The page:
Children’s mental health tops list of parents’ worries, survey finds


Forty percent of American parents are “extremely” or “very” worried that their children will struggle with anxiety or depression at some point, according to a new survey.

The Pew Research Center report said mental health was the biggest concern for parents, followed by bullying, which worried 35% of parents. These concerns outweighed fears of kidnapping, the dangers of drugs and alcohol, teenage pregnancies, and trouble with the police.

Concerns varied by race, ethnicity and income level, with about 4 in 10 Latino and low-income parents and 3 in 10 black parents saying they were extremely or very worried that their children could be shot, compared to about 1 in 10 high-income earners. or white parents.

Almost two-thirds of respondents said parenting has been at least a little harder than expected, around 41% say parenting is tiring and 29% say it’s stressful all or most of the time .

The report captured the perceptions of a nationally representative sample of 3,757 U.S. parents whose children were under 18 in 2022.

Experts say mental health issues among children and teens have skyrocketed in recent years.

“I would say that over the past 10 years since I’ve been practicing as a general pediatrician, I’ve seen a change in both the number of patients and of all ages struggling with anxiety and depression. And their parents worrying about it is a key issue,” said Dr. Katherine Williamson, pediatrician and spokesperson for the American Academy of Pediatrics. “Even before the pandemic, we were seeing the number of children and adolescents struggling with mental health issues skyrocket, and this has increased exponentially since the pandemic.”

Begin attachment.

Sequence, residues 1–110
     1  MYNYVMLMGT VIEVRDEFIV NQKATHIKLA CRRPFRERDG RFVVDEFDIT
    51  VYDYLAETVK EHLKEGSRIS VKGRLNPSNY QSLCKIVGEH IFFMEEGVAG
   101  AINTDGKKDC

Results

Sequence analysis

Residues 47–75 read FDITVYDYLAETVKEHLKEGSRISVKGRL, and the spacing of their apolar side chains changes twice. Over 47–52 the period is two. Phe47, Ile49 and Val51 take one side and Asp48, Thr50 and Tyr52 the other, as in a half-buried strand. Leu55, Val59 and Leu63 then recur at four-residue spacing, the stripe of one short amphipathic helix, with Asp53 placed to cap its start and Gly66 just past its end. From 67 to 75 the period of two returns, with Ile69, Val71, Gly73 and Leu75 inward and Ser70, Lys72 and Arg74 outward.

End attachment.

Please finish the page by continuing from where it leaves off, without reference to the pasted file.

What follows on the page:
Suicide has become the second leading cause of death in children ages 10 to 14 during the Covid-19 pandemic, according to the US Centers for Disease Control and Prevention. Mental health related ER visits among teens ages 5-11 and 12-17 also jumped 24% and 31%, respectively.

Many parents feel helpless when their children have mental health issues because they don’t feel equipped to offer support in this area.

“They are unable to relieve [mental health issues] and approach it as they might if they were struggling with their grades or other things that seem more traditional for kids,” said Allen Sabey, a family therapist at Northwestern University’s Family Institute.

Parents who try to “practice, watch and connect with their own feelings will give them important insights into what’s wrong or right for their child,” he said.

When it comes to anxiety and depression in children, pediatricians say parents can watch for signs such as decreased interest or pleasure in things they previously enjoyed, poor self-esteem and changes in mood, appetite, or sleep.

Experts also say parents should consider how much and what social media content their child consumes, as research has shown it can have negative effects on their mental health.

But, they say, the fact that more parents recognize the importance of mental health in children is a step in the right direction.

“I always felt like there was so much resistance to seeking mental health care among the population I serve. And I’m actually happy that since the Covid pandemic, at least people are now recognizing this as a very key and important health need,” said Dr. Maggi Smeal, pediatrician at Stanford Medicine Children’s Health.